Why Do Some Christians Think Noah’s Flood Was Local?

This is an excerpt from “Lesson 5: The Global Flood” from our new video Bible Study.

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In the late 18th and early-19th centuries, a number of geologists began to argue that the thick sedimentary rock layers on the earth were not formed quickly during a global flood, but slowly over long ages. As a result of this shift in interpretation, a number of Christian pastors and theologians began to re-interpret verses referring to the flood as a local, rather than a global, inundation.

That view has continued to this day. Many commentaries, study Bibles, and Bible encyclopedias incorporate this interpretation of a local flood into their publications. They often change the Hebrew word historically translated as “earth” to “land,” then explain that Genesis 6-8 is referring to a local flood that only covered a section of Mesopotamia rather than the entire world.

Many Biblical commentators are convinced that conventional geologists cannot be wrong in their interpretation of the age of the rocks. At the same time, they realize the flood is written as a historical event in Genesis, and is referred to as a historical event in other parts of the Bible.

Their solution is therefore to re-interpret the Genesis flood as a local flood that occurred somewhere in the Middle East, thereby avoiding a direct conflict with the interpretations of conventional geologists. This line of thinking, however, leads to a new set of questions.

Why Did Noah Need an Ark?

After all, if the flood was local, why go through all the trouble of building an ark? Yet that’s not the only concern:

  • Why was Noah told to save two of every kind of animal when they could easily have survived in other parts of the world?
  • Why was a vessel as big as the ark needed?
  • Why did God say He was going to destroy all flesh everywhere, when He really wasn’t?
  • If God promised not to flood the earth again, why do major local floods continue to occur all over the world?
  • Why has the vocabulary used in Genesis always been interpreted to refer to a global flood up until the 18th-century?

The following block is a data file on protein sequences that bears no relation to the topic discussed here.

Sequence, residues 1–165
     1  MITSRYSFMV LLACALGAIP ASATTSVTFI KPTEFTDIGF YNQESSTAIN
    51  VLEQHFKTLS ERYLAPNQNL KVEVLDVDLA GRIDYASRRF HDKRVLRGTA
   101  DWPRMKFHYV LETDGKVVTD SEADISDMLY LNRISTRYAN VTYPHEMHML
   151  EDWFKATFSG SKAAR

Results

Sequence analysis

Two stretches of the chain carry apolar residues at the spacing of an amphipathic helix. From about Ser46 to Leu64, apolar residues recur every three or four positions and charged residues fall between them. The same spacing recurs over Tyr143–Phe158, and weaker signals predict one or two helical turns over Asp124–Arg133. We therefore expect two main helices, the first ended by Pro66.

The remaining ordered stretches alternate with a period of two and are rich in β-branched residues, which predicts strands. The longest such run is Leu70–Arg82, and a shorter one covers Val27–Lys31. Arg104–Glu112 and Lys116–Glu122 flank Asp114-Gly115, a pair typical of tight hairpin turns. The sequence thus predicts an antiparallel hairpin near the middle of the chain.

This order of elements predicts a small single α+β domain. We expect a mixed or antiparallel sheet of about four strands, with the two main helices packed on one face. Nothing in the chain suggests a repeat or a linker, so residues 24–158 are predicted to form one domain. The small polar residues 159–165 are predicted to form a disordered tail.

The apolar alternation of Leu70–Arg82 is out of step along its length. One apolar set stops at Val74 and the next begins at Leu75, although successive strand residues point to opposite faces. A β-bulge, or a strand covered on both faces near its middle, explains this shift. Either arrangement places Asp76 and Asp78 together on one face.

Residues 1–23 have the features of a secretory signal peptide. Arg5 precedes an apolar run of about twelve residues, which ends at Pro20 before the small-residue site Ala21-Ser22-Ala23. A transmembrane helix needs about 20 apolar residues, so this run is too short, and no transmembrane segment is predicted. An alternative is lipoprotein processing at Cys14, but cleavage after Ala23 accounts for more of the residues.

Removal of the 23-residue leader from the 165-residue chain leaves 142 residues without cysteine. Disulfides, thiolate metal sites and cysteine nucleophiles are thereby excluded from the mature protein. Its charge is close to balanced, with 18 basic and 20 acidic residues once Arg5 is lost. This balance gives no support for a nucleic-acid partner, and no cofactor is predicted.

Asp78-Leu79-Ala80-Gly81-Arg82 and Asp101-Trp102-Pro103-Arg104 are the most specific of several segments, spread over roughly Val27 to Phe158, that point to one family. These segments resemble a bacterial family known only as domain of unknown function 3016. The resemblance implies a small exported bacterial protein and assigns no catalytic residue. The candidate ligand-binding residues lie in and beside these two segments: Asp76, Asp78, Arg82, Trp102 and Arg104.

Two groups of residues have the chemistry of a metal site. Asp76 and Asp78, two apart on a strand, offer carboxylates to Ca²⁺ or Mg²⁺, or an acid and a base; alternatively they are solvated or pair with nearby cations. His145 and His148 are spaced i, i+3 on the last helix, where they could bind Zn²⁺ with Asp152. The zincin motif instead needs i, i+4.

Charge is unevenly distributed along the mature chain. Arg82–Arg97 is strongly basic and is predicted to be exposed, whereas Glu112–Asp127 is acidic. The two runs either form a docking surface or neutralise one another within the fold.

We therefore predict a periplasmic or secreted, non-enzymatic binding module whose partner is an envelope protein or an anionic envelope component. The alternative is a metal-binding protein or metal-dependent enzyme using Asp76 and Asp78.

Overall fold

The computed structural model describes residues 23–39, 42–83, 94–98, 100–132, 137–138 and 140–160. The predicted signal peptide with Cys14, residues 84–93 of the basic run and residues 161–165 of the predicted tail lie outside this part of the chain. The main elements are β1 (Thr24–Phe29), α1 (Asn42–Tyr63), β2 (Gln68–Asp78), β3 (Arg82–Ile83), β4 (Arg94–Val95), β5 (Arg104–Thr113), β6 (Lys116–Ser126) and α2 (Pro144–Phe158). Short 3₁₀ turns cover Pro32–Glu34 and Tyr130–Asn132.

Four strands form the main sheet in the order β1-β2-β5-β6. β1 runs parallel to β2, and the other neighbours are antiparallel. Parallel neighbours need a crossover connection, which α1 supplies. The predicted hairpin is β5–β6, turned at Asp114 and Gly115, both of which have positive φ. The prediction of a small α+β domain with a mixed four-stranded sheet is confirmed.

• Why do other people in the Bible (such as Peter and Jesus) refer to the Flood as a global event?

The interpretive problems of a local flood multiply as one tries to fit it into the historical narrative of the Bible. Of course, from a geological perspective, things don’t get any easier when trying to establish a massive, year-long flood in the Middle East large enough to inundate everything.

In a personal conversation, sedimentary geologist Dr. Steve Austin pointed out that the sedimentary evidence for a flood large enough to float Noah’s ark is not observable in the right places in Mesopotamian strata. Small floods have been identified in some archeological strata, but they are not large enough to float a boat as big as the Ark for a year. Furthermore, assuming the current configuration of the Mesopotamian basin, the water of a major flood would quickly flow into the Persian Gulf via the Tigris and Euphrates rivers.

In spite of these things, the desire to maintain some sort of concord with the conventionally-accepted scientific view is extremely powerful.

Yet many Christians do not realize how the flood relates to the doctrine of judgment. A global flood is obviously being held up by Jesus and Peter as the model of the coming global judgment of God — not only in extent, but in suddenness and complete destruction.

Why is the Flood important to the Doctrine of Judgment?

Everything goes back to what one thinks of the majority of the rock layers on the earth. They are thick, they are enormous in extent, and they are filled with billions of dead creatures.

If one sees them as the result of a global flood, then the text fits neatly with the world around us. The layers are therefore snapshots of different ecosystems existing before the Flood that “had corrupted their way on the earth” and which God wiped out in judgment.

If one holds to a global flood, the doctrine of judgment is embedded into the very fabric of our world.